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People do a great job even without pay, as long as charities are getting the money

Posted June 12, 2019

Money motivates people. It is a huge driving force, making millions of people get up early in the morning, fight relentless traffic to appear at the door of the office they don’t even like. A possibility of a raise is even more motivating – everyone wants to earn more money. However, scientists from the University of Waterloo found something even more motivating – people do even a better job helping out their favourite charity.

Volunteers did a great job even knowing that they are not going to get paid. They gained enough motivation from knowing they are helping a charity. Image credit: Virginia State Parks staff via Wikimedia (CC BY 2.0)

There are many ways to help out charities. One of the more popular ones is volunteer work. However, do people do a good job, knowing that they are not going to get paid? After all, we do go to work to earn money, right?

PledgeWork is a new online platform, allowing employers to post tasks for volunteers. These jobs may require a lot of skill or no skill at all. The main idea is that the money that would be paid for completed task is then donated to a charity, chosen either by the employer or the volunteer. In other words, people can donate their work, which is then translated into actual money, which benefits charities. For example, if you want to help an animal shelter, you don’t have to go and volunteer there – you can complete a task at home, at your own computer, and the money that would be paid to you will go directly to the charity.

There are many reasons to think that people would do this kind of job poorly. They want to help, but they aren’t even getting paid, right? However, scientists conducted a study, which involved 28 participants, and found that people did a better job when the money from their work would go to the United Nations rather than their own bank accounts. Part of it is, of course, a different source of motivation (self-fulfillment in helping others), but part of it could be because employers have to accept the completed task before transferring money to the charity.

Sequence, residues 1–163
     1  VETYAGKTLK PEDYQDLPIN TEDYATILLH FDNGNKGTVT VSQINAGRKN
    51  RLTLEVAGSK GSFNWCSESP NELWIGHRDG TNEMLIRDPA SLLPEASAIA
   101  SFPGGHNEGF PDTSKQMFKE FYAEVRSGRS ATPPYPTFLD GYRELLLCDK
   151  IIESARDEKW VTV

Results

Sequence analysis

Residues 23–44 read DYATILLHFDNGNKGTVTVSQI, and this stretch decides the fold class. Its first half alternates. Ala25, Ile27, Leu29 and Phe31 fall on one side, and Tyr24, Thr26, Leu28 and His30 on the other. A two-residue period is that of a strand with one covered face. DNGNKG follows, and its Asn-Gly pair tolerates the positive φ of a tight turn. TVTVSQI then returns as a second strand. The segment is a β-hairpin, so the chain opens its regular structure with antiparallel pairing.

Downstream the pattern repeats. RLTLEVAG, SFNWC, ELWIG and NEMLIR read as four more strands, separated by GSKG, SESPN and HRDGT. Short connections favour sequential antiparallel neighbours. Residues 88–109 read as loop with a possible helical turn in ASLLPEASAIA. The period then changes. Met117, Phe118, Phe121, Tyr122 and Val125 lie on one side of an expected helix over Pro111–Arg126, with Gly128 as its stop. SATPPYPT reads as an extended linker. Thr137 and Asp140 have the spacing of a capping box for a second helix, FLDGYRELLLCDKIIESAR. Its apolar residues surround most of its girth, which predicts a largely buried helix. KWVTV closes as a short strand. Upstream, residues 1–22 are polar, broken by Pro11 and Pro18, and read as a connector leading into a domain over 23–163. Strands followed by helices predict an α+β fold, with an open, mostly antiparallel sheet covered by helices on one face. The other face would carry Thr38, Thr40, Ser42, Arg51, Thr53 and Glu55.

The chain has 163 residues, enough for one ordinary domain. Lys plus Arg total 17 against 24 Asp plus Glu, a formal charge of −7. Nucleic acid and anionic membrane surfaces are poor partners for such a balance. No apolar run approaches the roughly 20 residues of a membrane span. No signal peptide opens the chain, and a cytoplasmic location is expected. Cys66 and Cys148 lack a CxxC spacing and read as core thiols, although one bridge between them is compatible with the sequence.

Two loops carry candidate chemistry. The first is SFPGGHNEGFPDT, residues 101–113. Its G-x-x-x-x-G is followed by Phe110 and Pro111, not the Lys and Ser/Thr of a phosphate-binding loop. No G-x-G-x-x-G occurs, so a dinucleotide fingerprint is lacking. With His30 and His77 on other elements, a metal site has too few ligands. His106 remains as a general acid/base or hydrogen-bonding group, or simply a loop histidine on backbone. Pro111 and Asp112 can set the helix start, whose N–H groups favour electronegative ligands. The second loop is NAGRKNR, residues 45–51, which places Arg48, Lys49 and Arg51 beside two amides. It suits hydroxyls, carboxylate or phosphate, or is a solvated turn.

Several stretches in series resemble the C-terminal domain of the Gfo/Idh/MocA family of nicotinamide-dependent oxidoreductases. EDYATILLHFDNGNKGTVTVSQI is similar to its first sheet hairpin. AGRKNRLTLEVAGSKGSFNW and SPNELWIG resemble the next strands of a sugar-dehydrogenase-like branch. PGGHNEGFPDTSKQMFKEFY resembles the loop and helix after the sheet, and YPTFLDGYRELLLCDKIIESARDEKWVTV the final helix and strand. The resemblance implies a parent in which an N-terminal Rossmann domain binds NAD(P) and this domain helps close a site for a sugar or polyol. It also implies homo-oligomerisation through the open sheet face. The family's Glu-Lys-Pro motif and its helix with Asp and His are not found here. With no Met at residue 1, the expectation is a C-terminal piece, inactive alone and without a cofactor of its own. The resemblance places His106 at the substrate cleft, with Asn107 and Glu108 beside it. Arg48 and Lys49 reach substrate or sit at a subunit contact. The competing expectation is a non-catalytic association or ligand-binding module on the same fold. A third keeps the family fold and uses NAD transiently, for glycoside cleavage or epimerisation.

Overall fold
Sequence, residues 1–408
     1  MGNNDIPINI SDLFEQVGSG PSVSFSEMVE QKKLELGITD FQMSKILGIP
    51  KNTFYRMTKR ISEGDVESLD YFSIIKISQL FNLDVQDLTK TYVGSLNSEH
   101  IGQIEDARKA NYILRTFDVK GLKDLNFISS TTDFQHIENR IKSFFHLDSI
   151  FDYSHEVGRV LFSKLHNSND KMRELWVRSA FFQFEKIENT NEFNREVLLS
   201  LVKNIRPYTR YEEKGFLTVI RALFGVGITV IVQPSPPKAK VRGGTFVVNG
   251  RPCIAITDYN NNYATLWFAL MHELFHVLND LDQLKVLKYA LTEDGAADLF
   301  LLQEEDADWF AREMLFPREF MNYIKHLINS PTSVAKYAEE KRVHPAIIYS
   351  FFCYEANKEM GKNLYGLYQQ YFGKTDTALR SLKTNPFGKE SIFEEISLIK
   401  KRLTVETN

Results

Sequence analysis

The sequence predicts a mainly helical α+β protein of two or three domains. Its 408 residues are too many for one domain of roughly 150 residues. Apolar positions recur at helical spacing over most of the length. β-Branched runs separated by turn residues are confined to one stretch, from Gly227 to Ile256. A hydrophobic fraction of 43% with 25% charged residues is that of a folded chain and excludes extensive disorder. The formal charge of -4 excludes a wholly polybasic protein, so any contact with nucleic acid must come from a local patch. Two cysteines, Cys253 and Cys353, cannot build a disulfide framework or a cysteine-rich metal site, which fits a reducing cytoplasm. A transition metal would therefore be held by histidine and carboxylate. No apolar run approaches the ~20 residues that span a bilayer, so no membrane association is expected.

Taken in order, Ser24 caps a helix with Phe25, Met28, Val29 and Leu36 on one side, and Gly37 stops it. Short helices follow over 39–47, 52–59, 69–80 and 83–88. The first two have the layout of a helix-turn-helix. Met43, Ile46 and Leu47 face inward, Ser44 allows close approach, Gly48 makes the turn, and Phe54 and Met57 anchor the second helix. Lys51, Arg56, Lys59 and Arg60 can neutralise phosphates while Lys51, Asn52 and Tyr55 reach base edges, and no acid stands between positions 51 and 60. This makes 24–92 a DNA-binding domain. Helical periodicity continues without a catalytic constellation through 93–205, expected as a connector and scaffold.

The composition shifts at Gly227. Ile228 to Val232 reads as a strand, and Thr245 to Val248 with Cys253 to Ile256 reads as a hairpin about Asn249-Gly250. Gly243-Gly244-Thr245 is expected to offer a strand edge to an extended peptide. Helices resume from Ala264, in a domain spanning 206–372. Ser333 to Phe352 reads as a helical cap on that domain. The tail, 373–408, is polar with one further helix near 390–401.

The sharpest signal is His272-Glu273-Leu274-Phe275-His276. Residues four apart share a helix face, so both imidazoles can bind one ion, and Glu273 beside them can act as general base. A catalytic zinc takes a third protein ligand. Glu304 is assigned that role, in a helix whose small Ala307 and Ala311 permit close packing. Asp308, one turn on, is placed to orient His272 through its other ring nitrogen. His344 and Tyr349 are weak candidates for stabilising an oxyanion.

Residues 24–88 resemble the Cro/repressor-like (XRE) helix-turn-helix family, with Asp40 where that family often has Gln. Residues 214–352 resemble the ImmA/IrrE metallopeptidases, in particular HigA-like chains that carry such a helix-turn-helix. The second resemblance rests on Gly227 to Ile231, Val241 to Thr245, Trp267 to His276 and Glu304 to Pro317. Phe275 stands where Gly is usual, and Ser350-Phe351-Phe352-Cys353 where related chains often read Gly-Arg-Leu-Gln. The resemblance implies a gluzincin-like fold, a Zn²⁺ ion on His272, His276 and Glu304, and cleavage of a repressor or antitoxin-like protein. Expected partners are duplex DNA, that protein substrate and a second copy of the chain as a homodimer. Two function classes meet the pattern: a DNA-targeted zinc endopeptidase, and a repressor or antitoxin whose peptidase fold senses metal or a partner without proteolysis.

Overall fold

This model of charity work is very efficient, because some people don’t really want to volunteer doing unqualified tasks, while others don’t have money for donations. Edward Lank, one of the authors of the study, said: “Many people do not have the money to give to their favourite cause and often perceive that they may not have the skills or time to give to a charity whose work matters to them. What a crowd-working tool seems to be able to do is overcome those barriers in a way that allows people to use their skills to benefit a charity anonymously”.

Creative ways of helping charities are great. They are interesting to people, attract more young volunteers and benefit a wider range of charities. Nowadays you have more options of how to help others and that’s great.


Source: University of Waterloo

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